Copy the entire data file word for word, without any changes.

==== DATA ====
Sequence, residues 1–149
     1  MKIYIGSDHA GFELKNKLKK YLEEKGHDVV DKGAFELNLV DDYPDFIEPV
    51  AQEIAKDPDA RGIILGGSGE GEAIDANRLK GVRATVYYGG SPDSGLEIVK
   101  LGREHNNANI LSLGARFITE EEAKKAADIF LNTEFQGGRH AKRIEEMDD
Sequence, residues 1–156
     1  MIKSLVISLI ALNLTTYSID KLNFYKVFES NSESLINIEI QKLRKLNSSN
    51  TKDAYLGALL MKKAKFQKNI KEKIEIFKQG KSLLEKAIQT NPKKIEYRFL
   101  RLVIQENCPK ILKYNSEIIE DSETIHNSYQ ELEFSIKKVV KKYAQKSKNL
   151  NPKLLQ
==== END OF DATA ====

Sequence, residues 1–149
     1  MKIYIGSDHA GFELKNKLKK YLEEKGHDVV DKGAFELNLV DDYPDFIEPV
    51  AQEIAKDPDA RGIILGGSGE GEAIDANRLK GVRATVYYGG SPDSGLEIVK
   101  LGREHNNANI LSLGARFITE EEAKKAADIF LNTEFQGGRH AKRIEEMDD
Sequence, residues 1–156
     1  MIKSLVISLI ALNLTTYSID KLNFYKVFES NSESLINIEI QKLRKLNSSN
    51  TKDAYLGALL MKKAKFQKNI KEKIEIFKQG KSLLEKAIQT NPKKIEYRFL
   101  RLVIQENCPK ILKYNSEIIE DSETIHNSYQ ELEFSIKKVV KKYAQKSKNL
   151  NPKLLQ